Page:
“When I was in South Africa last year for the International AIDS Conference, I caught a fascinating TV show one night. The show is called “Rhythm City”, and it’s the most popular soap opera in South Africa. The show, which has characters speaking in the four main languages of South Africa (Xhosa, Zulu, English, and Afrikaans), revolves around people trying to break into the music industry. Some of the storylines are a bit out there (it is a soap opera, after all), but when you see the show it really brings home how far South Africa has come since the end of apartheid. You take a step into the lives of everyday South Africans who are dealing with the relationship and business issues you’d see anywhere in the world. As the continent continues to develop and thrive, I predict we’ll see many other shows like this in other countries."
5 minutes with... Janthana Kaenprakhamroy, CEO, Tapoly
Founder and CEO of award-winning insurtech firm Tapoly, Janthana Kaenprakhamroy heads up Europe’s first on-demand insurance platform for the gig economy, winning industry awards, innovating in the digital insurance space, and leading with inclusivity.
Here, Business Chief talks to Janthana about her leadership style and skills.
What do you do, in a nutshell?
I’m founder and CEO of Tapoly, a digital MGA providing a full stack of commercial lines insurance specifically for SMEs and freelancers, as well as a SaaS solution to connect insurers with their distribution partners. We build bespoke, end-to-end platforms encompassing the whole customer journey, but can also integrate our APIs within existing systems. We were proud to win Insurance Provider of the Year at the British Small Business Awards 2018 and receive silver in the Insurtech category at the Efma & Accenture Innovation in Insurance Awards 2019.
How would you describe your leadership style?
I try to be as inclusive a leader as possible. I’m committed to creating space for everyone to shine. Many of the roles at Tapoly are performed by women and I speak at industry events to encourage more people to get involved in insurance/insurtech. Similarly, I always try to maintain a growth mindset. I think it’s important to retain values to support learning and development, like reliability, working hard and punctuality.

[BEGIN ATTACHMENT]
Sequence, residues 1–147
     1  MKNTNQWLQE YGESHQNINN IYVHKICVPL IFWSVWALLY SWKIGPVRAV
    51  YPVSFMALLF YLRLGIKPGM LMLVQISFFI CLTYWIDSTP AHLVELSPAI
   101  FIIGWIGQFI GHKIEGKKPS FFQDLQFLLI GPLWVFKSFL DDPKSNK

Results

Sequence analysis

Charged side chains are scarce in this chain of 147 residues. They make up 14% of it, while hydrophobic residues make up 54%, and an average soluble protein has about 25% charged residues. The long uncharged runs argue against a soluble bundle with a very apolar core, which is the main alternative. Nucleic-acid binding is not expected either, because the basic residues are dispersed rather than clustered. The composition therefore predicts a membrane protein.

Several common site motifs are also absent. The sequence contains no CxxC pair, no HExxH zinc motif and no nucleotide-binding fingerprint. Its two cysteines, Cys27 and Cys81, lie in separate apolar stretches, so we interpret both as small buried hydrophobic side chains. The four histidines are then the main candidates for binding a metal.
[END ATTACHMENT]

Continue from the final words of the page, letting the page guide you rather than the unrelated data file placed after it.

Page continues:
What’s the best leadership advice you’ve received?
Build your network and seek advice. As a leader, you need smart people around you to help you grow your business. It’s not about personally being the best, but being able to find resources and get help where needed.
How do you see leadership changing in a COVID world?
I think the pandemic has proven the importance of inclusive leadership so that everyone feels supported and valued. It’s also shown the importance of being flexible as a leader. We’ve had to remain adaptable to continue delivering high levels of customer service. This flexibility has also been important when supporting employees as everyone has had individual pressures to deal with during this time. Leaders should continue to embed this flexibility within their organisations moving forward.
They say ‘from every crisis comes opportunity’, what opportunities do you see?
The past year has been challenging, but it has also proven the importance of digital transformation in insurance. When working from home was required, it was much harder for insurers to adjust who had not embedded technology within their operating processes because they did not have data stored in the cloud and it caused communication delays with concerned customers at a time when this communication should have been a priority, which ultimately impacts the level of customer satisfaction. This demonstrates the importance of what we are trying to achieve at Tapoly in driving digitalisation in insurance and making communication between insurers and distribution partners seamless.
What advice would you give to your younger self just starting out in the industry?
Start sooner, don’t be afraid to take (calculated) risks and make sure you raise enough money to get you through the initial seed stage.